Rack for boat or canoe approved with certified kit...!

                  - Reams-
                  It was right slow as it flared for landing....

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                  • #10
                    I recently started flying a Twin Otter for a skydiving operation and it is currently my favorite bird to fly. The STOL performance speaks for itself, but it's a great hauler, is arguably safer as a jump ship with its large cargo door and higher vertical stabilizer, and, best of all, it's way more manageable in a busy traffic pattern than the King Air.

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                    • #11
                      Originally posted by Dusty Rider View Post
                      I recently started flying a Twin Otter for a skydiving operation and it is currently my favorite bird to fly. The STOL performance speaks for itself, but it's a great hauler, is arguably safer as a jump ship with its large cargo door and higher vertical stabilizer, and, best of all, it's way more manageable in a busy traffic pattern than the King Air.
                      That must be fun. I rode as pax in Twin Otters many times on commuter routes in the '80s. Them and Beech 99s.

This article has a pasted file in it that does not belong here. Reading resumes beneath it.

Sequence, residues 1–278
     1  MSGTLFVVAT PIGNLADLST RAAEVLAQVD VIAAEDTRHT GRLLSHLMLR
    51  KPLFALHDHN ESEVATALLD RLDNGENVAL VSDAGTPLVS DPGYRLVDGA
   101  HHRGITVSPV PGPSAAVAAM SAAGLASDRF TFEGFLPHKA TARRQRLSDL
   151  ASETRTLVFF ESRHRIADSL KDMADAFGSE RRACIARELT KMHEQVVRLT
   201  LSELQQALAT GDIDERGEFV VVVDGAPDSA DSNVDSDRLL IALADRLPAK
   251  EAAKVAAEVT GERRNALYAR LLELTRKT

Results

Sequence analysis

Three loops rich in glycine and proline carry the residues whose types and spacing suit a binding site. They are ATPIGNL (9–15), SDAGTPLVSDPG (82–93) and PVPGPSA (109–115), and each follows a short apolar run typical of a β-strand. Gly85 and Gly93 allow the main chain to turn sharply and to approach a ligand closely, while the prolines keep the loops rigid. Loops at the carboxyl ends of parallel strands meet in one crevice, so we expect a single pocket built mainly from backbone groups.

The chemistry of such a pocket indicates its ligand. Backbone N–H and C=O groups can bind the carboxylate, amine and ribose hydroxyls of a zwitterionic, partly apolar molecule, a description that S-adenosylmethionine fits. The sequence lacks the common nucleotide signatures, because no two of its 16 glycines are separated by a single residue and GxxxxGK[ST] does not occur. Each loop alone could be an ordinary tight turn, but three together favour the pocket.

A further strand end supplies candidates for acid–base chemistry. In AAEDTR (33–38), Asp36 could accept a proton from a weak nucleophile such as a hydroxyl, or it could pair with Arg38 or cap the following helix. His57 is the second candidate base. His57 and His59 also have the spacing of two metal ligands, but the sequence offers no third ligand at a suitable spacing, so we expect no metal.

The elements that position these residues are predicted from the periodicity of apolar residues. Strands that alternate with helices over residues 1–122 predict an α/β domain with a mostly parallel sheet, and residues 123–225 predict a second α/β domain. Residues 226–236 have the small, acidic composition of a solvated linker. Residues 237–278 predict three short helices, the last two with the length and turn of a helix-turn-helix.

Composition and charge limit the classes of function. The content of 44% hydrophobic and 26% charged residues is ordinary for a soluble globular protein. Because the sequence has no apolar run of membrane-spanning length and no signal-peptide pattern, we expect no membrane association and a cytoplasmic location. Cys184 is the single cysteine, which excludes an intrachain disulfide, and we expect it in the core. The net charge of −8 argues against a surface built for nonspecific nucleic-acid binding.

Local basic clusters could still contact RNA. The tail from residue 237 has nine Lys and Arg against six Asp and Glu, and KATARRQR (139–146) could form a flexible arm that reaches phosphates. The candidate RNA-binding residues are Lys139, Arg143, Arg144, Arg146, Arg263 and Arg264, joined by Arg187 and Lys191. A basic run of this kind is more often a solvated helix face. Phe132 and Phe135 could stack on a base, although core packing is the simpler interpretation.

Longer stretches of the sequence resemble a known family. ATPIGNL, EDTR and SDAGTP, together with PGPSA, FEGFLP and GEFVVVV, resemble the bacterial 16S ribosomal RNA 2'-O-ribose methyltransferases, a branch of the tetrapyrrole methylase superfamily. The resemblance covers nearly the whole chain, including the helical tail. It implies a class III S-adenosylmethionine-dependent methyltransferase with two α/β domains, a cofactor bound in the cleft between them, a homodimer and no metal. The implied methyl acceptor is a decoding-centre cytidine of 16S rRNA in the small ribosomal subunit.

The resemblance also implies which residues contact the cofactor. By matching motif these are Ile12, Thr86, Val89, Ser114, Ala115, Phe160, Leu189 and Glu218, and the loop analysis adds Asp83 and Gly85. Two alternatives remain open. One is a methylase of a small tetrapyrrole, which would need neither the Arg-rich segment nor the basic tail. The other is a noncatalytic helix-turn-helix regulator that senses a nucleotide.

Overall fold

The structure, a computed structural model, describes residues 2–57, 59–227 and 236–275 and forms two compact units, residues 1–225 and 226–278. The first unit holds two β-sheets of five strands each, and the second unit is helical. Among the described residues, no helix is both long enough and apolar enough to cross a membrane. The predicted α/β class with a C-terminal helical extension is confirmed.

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                      • #12
                        Originally posted by Scott Dyer HPN/NY View Post
                        Them and Beech 99s.
                        I have a favorite visual snapshot memory from a B99. I'd just boarded when a lady stepped up the airstair, and obviously wasn't prepared for the diminutive size of the interior. Can still remember the wide eyes & open mouth...but she stiffened the sinew, summoned up the blood, and got on with it <g>.

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                        • #13
                          Good for her! I was amazed when I saw how much like the B99 wing a B55 Baron's wing is (or vice versa).

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                          • #14
                            Not sure about the B99, but the Bo through the piston twins, the outer wing panels are the same.